I’m not supposed to love feral fennel, but I can’t help it.
Sure, it’s a weed. But with feathery fronds and bright clusters of flowers, fennel fills the air with a scent of anise. Grilled fennel bulbs are delicious, and I add a dusting of golden pollen to many dishes. This week fennel was everywhere in Northern California: alongside roads, popping up through sidewalk cracks, and filling empty lots. So I grabbed some and took it home, without qualms (fennel is crowding out native plants in some areas, like the nearby Marin Headlands). However, I avoid roadside fennel due to exhaust from cars.
Photographs by Marla Aufmuth.
Above: The bulbs are best eaten when the plants are young. Tender, young stalks are good grated into salads, sliced lengthwise and grilled, or even roasted and pureed into soup. Older stalks can be very fibrous, though.
Above: Stalking the prey: I get them young, before they are more than a month or so old. After the plants flower, I use the golden blossoms to add a slight flavor of anise to a dish. I toss them into a white wine sauce for clams. Here’s a recipe for Linguine with Clams and Fennel, via Epicurious.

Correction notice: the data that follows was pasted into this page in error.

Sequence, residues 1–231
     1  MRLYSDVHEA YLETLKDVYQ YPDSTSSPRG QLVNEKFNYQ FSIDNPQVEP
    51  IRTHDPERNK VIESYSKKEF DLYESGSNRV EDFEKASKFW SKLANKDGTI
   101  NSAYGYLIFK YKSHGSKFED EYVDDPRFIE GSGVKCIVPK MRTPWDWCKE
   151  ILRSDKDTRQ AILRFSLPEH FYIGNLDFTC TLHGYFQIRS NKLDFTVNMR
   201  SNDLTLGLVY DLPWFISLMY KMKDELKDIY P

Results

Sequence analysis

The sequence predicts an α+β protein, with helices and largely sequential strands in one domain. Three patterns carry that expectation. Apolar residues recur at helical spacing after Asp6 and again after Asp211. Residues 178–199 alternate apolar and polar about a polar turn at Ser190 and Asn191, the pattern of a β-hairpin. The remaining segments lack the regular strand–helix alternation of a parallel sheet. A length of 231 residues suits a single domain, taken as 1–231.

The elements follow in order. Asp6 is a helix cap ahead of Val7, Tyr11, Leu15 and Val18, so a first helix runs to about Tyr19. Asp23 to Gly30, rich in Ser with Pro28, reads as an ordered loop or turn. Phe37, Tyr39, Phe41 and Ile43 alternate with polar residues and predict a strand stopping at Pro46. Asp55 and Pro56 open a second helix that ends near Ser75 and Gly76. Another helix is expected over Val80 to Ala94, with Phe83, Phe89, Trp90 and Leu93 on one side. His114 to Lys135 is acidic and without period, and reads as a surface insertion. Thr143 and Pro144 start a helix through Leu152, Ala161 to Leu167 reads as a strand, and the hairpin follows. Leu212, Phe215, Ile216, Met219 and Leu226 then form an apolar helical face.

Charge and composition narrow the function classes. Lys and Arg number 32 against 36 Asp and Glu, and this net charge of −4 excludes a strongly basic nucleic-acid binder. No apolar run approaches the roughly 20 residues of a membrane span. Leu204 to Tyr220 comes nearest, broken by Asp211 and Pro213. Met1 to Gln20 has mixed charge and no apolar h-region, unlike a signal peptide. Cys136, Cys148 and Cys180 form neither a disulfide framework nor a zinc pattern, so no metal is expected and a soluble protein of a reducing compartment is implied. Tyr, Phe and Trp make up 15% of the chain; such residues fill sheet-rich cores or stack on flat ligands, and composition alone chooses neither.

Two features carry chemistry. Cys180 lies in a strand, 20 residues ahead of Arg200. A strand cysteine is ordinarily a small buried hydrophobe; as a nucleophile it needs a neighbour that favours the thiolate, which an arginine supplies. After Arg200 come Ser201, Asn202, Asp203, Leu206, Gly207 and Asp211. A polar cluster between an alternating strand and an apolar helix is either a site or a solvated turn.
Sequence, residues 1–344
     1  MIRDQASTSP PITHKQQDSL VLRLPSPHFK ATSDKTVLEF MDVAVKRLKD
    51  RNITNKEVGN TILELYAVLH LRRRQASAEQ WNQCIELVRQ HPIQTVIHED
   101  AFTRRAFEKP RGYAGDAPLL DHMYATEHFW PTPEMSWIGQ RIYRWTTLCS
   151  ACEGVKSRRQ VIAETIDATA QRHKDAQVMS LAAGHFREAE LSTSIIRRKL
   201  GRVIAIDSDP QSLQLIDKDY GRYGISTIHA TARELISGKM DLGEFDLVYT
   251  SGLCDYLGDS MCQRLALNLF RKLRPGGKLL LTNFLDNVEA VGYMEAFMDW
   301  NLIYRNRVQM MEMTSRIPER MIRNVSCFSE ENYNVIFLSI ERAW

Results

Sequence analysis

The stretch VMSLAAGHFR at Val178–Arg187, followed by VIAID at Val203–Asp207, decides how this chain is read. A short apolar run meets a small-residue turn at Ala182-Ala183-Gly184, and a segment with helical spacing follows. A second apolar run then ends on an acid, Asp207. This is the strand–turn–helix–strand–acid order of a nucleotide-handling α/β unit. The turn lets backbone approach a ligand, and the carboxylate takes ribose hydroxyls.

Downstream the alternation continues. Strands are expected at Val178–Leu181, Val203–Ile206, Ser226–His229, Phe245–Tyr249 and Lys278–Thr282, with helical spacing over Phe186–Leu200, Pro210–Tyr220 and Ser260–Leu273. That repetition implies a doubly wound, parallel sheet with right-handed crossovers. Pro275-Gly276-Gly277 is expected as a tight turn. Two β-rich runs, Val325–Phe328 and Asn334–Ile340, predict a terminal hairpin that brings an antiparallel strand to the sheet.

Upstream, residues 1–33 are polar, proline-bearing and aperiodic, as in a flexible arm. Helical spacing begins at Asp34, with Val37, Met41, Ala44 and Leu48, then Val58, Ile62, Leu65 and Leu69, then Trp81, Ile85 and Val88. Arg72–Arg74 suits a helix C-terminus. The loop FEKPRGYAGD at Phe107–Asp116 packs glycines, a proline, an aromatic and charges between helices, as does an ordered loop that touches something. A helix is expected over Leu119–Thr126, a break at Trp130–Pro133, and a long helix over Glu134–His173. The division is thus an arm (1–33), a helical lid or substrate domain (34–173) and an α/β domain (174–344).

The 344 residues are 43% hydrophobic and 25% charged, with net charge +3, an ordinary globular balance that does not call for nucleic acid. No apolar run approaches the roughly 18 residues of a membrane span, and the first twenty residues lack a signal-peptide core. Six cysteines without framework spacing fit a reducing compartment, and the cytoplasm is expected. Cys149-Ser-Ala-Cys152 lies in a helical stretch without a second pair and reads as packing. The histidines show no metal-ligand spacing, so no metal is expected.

Above: My favorite way to use fennel is to harvest the blossoms for pollen.
Above: Here’s how I do it: Put ten flowers with 6-inch stems head first into a brown paper bag. Tie the bag with brown twine, but not too tightly; you want a little airflow. Store the bag in a dry, cool area. After a few weeks, shake the bag vigorously and discard stems and flowers. The pollen will remain in the bottom of the bag. Transfer it to a spice container or small envelope.
Above: Pinch this golden dust over dark chocolate, or mix it with a touch of sea salt and sprinkle it on fish or scallops. You can also combine it with butter to dress vegetables, or with crí¨me fraiche to add to soups.
For more of our favorite foragers’ finds, see What You Can Do With a Loquat: Alcohol is Involved.